Social media creates an amazing opportunity to reshape how we, our businesses and our whole industries operate. Social media creates a level playing field where our visibility is governed not by the depth of our pockets but by the depth of our knowledge.
You don’t believe me consider this, I’m currently writing this in a coffee shop in London where I can just see a famous Management Consultancy, sorry guys, but it could have been anyone, as I’ll show later.
McKinsey (arguably the “top” consultancy practice in the world) employs 27,000 people globally and turns over in excess $10,000,000,000 per year and they have 311k twitter followers.
By contrast Digital Leadership Associates social-experts.net employs less than 10 people turns over significantly less than $10 billion per year yet, if you add together our staff, has a greater reach and more followers than McKinsey and gets similar levels of interaction.
As it happens, McKinsey actually have quite a good Twitter presence…but that isn’t the point, the point is that with a global respected brand that has been established for nearly 100 years and 27k brilliant staff they shouldn’t have a Twitter account which is as good as the handful of people from Digital Leadership Associates…they should have one which is immeasurably better.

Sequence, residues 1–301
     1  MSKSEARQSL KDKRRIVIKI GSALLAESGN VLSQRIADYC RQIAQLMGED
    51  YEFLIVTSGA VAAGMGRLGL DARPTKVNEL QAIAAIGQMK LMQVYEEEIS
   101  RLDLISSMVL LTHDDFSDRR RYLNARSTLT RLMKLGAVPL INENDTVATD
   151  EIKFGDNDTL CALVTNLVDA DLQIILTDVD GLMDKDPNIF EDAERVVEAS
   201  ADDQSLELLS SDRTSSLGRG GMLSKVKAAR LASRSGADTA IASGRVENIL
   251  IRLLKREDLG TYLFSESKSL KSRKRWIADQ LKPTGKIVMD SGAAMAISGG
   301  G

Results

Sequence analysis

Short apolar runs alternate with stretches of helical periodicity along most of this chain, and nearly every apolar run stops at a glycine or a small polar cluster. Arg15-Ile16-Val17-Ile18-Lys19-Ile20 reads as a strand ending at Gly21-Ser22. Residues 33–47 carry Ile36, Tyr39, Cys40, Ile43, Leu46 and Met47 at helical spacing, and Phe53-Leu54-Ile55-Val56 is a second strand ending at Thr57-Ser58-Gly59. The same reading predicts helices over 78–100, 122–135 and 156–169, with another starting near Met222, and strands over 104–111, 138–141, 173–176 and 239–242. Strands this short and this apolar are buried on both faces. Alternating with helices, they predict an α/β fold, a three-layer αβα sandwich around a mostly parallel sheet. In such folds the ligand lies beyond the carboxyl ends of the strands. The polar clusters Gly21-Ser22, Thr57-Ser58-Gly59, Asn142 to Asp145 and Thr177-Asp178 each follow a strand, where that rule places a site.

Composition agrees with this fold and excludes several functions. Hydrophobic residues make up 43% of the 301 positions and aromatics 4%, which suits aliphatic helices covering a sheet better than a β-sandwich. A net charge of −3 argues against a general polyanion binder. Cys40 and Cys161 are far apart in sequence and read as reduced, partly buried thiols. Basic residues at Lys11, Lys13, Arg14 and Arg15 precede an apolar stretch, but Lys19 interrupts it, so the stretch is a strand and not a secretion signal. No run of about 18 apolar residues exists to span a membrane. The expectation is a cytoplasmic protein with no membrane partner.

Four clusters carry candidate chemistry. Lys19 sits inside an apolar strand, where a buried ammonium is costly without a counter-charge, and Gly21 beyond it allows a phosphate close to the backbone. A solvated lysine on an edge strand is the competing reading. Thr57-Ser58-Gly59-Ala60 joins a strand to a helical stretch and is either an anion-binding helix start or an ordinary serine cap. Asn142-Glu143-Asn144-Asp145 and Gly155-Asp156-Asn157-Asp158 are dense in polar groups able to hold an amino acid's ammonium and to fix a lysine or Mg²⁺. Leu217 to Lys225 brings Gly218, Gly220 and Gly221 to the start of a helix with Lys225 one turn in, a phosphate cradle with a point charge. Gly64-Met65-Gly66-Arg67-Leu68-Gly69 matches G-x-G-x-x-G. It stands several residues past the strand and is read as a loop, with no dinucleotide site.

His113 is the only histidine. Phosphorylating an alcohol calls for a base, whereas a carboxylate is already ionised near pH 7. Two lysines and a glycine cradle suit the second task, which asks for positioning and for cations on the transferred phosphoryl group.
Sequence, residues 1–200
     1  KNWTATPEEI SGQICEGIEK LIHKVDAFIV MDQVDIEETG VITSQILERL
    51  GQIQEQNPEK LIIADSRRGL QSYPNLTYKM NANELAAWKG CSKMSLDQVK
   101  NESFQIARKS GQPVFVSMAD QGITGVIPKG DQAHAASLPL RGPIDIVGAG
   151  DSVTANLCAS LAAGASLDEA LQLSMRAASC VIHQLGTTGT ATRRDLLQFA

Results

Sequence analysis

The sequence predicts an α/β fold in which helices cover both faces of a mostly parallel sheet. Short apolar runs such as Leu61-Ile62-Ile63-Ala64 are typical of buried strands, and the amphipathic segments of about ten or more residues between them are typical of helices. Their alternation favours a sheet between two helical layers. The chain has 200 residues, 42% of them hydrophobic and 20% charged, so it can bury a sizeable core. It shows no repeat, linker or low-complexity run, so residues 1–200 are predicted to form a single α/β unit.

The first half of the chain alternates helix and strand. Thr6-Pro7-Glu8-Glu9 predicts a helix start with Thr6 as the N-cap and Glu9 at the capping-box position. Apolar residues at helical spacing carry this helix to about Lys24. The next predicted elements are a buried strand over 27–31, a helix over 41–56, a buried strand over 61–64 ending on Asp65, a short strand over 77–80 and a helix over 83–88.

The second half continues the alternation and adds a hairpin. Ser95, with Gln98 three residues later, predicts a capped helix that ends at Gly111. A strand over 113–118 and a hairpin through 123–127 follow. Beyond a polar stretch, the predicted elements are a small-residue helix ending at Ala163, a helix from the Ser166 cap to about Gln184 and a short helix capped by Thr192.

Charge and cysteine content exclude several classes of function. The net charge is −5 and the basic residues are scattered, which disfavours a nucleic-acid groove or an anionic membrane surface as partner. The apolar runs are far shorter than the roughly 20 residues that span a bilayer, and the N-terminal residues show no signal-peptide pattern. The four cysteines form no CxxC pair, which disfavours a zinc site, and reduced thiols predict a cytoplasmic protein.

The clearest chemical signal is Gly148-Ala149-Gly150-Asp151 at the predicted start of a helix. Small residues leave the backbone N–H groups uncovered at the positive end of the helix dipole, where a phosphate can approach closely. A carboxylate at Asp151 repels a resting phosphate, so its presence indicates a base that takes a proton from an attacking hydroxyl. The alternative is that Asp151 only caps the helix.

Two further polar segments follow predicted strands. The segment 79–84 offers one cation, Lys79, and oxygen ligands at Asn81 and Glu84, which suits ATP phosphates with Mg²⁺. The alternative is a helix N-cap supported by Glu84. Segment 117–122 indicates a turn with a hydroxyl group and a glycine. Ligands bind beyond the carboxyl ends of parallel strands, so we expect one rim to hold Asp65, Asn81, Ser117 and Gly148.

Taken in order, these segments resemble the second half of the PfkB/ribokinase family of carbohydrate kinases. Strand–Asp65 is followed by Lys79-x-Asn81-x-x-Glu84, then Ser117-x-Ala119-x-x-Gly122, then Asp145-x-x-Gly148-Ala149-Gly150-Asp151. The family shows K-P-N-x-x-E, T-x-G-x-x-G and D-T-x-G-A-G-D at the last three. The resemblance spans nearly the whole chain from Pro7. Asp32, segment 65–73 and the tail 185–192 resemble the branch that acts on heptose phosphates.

But they haven’t.
Why should this be the case when they have so much more visibility, brand and financial muscle?
Well, McKinsey (who are actually friends of ours) like many organisations simply don’t understand the way that this brave new world works. Gary Vee does, McKinsey (and Accenture, PwC, Ey, BCG, Deloitte, etc etc etc) don’t.
The reason is that all of these organisations have built their consulting and their advisory business on many years of experience (and success) in teaching organisations how to be better. But teaching people to be better based on what used to work is not the way things work any more – Kodak, Toys’R’Us, Blockbuster, MySpace, Nokia, Debenhams, and countless other high profile failures of the last decade all bought advice from the “top consulting firms” who were clearly unable to turn the tide. This is not to do with a lack of competence or ability as these firms routinely buy-up the smartest people in the world to go and work for them. It’s because what made organisations successful before 2010 will NOT make them successful after 2010.
The new megabrands Google, Apple, Amazon, Snapchat, Instagram, AirBnB, Ebay, Paypal…all of these organisations have taken a course of action that would have been deemed “foolish, by those blue suited big brand experts.
So what lesson can we all take back to our business, from this inalienable truth?
- We live in a knowledge economy
- The knowledge before 2010 will not drive us forward.
- But what is the answer? OK, I’ll get there…
We all need to break the behaviours that we have spent our whole careers developing because they simply don’t work any more.
As the world of leadership and strategy (as well as sales and marketing) shifts more and more of this is going to take place on social media and you need to be on there as a person, as a business as a brand now.
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